With so many options for day, week and summer-long adventures, you’ll quickly realize why Park City is the choice for so many families. If you’ve just decided to Choose Park City, be sure to connect with Christine today at 435-640-4238 to explore future adventures of your own! 

 

 

Hitting the Road for Spring Break


Ahhh. Spring Break in Park City. Will there be sun, or will there be snow? Unlike our ever-unpredictable weather, options for Spring Break getaways seem to dwindle the longer you have kids going through the system. What was exciting and new for the first born becomes “been there, done that” by the youngest.

To help alleviate Spring Break ennui, we’ve put together a few last-minute road trip ideas to help make this year’s Spring Break one for the books!

National Parks in Record Time

Capitol Reef - Cassidy Arch

Capitol Reef – Cassidy Arch (Photo credit: Utah.com)

 

Deciding which of Utah’s five National Parks to tackle can be daunting, so why not do all of them in one week! Busy, yes, but imagine the reward of your kiddos going back to school after earning Junior Ranger pins from all five parks in one fell swoop!

This “5 Utah National Parks in 5 Days” article from Utah.com maps it all out for you. Starting with Zion on day one, and ending with Arches on day five, the simple bragging rights of saying you did all in one week should be incentive enough. And the benefit of having a Spring Break that lands after other Utah schools districts’ should mean the parks are slightly less crowded than usual.

Vegas Revisited

For many Utahns, Vegas is merely a rest stop on the way to Southern Calif. And though Vegas went through a bit of a schizophrenic phrase (transitioning from a “family-friendly” message, to the iconic “What Happens in Vegas” campaign), you can always count on new attractions coming on line in Sin City.

Whether you’re passing through or staying for a few days, fans of Virtual Reality (VR) should head to The Void, located at the Grand Canal Shoppes at the Venetian Hotel. Opportunities to “step inside The Void” include “Ralph Breaks VR,” “Ghostbusters Dimension” and “Star Wars: Secrets of the Empire.” Each experience is immersive and tackled as a team, which makes it sound like an escape room on steroids. There are some restrictions – guests must be 48 inches and the recommended minimum age is 10, so take the younger kids on a gondola ride or indulge in the French pastries at Thomas Keller’s Bouchon. Ironically, The Void is based in Lindon, Utah, but their Beehive State location is not open to the public, so Vegas is the closest opportunity to experience this homegrown technical achievement in entertainment.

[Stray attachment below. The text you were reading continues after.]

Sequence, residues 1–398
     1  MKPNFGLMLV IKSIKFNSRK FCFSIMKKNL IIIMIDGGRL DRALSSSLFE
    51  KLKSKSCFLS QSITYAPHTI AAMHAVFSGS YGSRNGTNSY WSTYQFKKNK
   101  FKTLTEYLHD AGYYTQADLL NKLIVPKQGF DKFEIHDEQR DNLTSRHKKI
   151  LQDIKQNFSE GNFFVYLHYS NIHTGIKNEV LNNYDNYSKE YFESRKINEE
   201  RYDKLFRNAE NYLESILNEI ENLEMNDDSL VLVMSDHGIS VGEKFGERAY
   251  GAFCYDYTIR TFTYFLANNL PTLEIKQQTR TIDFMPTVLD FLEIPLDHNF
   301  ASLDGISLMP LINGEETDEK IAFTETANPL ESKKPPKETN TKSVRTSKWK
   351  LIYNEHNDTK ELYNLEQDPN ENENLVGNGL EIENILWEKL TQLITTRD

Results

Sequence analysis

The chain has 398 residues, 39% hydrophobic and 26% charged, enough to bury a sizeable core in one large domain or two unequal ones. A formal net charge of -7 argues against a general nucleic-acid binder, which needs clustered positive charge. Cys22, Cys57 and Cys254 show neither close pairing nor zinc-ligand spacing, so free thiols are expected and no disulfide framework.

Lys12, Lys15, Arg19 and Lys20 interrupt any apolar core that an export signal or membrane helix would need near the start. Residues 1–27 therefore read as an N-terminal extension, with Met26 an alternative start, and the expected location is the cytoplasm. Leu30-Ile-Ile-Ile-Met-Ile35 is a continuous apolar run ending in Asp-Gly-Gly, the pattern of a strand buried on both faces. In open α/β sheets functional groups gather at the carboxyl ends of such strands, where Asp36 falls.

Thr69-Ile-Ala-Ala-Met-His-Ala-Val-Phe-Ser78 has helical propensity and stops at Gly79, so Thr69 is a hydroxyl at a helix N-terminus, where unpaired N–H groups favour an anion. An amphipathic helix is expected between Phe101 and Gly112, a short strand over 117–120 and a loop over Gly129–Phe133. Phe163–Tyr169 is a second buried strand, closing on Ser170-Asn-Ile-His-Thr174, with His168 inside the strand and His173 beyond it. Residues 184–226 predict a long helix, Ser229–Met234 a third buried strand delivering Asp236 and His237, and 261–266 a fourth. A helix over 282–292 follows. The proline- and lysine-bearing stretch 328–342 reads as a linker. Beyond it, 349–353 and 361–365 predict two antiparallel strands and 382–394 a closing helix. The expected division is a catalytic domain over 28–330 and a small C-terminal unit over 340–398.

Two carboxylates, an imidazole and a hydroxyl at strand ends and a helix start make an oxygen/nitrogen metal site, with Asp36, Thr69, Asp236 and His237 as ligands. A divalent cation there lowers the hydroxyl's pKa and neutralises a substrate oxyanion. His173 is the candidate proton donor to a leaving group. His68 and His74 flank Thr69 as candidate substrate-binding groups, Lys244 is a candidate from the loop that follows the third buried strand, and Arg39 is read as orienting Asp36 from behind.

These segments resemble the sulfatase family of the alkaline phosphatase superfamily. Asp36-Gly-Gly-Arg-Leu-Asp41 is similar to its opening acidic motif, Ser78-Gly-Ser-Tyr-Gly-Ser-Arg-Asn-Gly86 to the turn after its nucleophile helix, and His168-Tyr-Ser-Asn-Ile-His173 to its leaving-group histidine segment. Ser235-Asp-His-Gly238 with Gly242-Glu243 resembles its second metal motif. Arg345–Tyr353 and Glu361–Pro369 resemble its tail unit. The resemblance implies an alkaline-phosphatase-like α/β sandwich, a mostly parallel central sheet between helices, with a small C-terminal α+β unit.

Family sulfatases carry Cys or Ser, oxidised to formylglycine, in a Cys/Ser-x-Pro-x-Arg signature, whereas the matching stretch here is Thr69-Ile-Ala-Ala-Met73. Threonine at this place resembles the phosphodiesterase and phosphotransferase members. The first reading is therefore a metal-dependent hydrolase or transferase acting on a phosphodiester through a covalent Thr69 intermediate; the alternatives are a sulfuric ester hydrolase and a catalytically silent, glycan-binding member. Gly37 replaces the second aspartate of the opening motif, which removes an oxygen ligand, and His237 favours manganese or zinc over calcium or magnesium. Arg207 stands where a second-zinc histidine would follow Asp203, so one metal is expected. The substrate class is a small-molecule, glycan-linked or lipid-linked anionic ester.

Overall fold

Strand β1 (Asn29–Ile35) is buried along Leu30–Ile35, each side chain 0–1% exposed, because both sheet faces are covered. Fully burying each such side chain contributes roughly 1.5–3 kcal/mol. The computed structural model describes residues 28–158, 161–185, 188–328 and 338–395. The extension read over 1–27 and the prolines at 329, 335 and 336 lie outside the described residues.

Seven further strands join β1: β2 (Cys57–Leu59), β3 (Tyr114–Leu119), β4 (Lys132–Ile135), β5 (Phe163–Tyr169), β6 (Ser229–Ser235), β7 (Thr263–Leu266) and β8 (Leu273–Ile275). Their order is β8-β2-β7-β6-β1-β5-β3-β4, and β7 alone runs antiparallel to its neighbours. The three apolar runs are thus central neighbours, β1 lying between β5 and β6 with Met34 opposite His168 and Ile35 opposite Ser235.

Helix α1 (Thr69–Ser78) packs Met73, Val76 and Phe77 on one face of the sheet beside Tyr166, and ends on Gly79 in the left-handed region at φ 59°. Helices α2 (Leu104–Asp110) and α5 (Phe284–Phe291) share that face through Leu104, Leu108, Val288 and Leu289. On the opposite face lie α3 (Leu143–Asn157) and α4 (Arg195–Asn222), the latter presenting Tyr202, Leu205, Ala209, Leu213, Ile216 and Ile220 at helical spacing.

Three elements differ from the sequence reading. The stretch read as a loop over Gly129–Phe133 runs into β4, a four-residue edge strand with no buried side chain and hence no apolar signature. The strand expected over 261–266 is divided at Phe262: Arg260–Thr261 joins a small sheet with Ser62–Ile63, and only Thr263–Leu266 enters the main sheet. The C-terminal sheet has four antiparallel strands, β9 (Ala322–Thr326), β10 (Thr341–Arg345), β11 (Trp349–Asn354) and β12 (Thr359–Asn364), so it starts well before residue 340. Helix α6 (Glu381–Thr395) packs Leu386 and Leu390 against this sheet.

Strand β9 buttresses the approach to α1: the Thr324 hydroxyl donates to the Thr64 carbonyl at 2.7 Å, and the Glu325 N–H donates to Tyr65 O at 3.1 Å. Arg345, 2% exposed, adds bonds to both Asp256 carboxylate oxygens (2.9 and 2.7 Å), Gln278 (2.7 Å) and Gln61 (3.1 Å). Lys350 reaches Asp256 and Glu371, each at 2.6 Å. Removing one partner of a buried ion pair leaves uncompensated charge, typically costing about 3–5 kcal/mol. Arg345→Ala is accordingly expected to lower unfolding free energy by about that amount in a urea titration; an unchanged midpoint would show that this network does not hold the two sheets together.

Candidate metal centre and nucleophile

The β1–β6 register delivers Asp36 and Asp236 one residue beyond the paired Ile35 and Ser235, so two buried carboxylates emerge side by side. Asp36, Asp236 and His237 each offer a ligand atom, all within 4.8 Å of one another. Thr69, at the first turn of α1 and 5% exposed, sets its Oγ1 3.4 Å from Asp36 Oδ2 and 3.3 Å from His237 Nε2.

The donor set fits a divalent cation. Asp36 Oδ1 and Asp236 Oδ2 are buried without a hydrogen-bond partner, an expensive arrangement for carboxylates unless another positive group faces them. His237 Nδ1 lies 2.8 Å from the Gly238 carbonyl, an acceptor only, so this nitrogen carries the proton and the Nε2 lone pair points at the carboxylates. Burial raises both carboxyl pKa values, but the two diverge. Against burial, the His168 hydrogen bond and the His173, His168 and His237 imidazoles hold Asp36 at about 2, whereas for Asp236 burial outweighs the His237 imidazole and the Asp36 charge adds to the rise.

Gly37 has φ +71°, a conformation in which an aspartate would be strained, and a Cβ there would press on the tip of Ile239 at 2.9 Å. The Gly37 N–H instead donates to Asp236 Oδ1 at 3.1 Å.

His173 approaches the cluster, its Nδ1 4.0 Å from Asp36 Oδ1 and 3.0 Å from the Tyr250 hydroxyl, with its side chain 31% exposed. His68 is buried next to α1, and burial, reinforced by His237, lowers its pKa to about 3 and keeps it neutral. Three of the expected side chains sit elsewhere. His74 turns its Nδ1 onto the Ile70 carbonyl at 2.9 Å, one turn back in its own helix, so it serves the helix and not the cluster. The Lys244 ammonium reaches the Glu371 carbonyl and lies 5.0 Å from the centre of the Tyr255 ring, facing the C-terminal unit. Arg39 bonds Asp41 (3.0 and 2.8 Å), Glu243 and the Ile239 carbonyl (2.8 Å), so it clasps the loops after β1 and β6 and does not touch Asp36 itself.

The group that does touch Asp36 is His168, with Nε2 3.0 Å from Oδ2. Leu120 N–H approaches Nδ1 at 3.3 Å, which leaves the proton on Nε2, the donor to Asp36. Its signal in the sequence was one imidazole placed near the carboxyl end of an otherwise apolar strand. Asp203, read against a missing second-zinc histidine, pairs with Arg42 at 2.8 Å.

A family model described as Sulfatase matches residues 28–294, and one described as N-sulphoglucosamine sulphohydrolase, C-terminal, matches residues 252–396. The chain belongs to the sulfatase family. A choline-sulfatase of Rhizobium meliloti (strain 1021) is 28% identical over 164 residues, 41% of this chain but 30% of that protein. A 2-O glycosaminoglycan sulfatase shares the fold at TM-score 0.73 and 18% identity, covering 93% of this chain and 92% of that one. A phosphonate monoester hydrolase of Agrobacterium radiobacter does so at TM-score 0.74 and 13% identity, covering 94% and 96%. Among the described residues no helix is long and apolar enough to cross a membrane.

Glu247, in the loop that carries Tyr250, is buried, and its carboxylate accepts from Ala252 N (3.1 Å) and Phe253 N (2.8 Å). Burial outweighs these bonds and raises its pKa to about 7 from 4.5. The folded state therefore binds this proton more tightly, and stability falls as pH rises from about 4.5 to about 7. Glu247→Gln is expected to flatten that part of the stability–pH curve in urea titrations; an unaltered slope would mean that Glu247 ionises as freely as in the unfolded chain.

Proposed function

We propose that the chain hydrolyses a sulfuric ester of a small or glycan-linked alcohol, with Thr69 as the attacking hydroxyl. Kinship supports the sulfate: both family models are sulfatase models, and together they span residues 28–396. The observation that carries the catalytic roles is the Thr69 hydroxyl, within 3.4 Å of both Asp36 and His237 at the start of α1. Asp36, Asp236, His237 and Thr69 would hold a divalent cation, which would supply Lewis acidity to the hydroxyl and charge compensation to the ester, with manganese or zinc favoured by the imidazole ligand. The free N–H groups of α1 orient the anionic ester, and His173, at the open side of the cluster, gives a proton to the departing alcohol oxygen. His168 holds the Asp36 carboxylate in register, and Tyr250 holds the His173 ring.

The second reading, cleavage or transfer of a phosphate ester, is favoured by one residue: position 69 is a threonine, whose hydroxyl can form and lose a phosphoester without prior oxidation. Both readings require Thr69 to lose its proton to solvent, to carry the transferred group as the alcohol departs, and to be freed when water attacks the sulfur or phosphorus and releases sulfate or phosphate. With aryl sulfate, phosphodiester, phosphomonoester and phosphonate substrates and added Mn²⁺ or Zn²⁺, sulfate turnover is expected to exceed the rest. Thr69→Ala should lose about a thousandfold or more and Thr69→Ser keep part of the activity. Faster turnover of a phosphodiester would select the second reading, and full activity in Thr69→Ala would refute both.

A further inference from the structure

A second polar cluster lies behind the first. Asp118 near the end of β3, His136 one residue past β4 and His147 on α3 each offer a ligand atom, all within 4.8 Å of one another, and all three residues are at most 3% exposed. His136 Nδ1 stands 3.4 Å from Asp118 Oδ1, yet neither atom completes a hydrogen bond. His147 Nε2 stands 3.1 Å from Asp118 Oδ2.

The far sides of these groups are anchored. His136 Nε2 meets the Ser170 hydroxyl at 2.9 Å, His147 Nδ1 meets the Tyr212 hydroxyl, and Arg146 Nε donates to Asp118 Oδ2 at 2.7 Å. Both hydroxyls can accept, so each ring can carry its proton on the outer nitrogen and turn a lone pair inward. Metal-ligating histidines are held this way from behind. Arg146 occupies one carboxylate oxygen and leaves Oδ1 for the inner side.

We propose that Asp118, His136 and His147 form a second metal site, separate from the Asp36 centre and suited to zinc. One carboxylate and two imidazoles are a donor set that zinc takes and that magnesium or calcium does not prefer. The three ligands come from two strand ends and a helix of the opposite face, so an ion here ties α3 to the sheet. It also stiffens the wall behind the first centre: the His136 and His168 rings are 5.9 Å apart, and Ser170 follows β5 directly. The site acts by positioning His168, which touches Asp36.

FLY LINQ zipline over the Las Vegas Strip (Photo credit: FLY LINQ)

 

Thrill-seekers will enjoy the new FLY LINQ zipline, which allows up to 10 riders to zip along over the Vegas strip side-by-side. This $20-million attraction launches riders from a 114-foot tower (approx. 14 stories) along a 1,121 foot-line to a 54-foot landing tower. The trip lasts 35-45 seconds and sends guests rocketing at speeds averaging 35 mph. To fly this high, you must weigh at least 60 pounds, with seated daytime passengers costing $25 (you pay $35 if you want to take the trip lying down), and nighttime adventurers will pay $30-$40. For more info, click here.

Though Cirque du Soleil’s traveling productions visit Utah regularly, their sets really don’t hold a candle to those enjoyed at the company’s Vegas installations. With six shows presently in residence, including the more family-friendly “KÀ,” “The Beatles LOVE,” “O” and “Mystère,” seeing Cirque du Soleil in Vegas is an unmatched theatrical experience. The bonus: The shows have been running for so many years, that ticket specials are often available. Check them out by clicking here.

If the Strip is too frenetic for you and your kids, consider staying at one of the resorts on the outskirts of town in Henderson. A few local faves include Green Valley Ranch and the casino-free Westin Lake Las Vegas. 

A Ghostly Getaway

While evidence of Utah’s frontier heritage is abundant, our neighbors in Idaho also boast many boomtowns turned ghost towns within a day’s drive.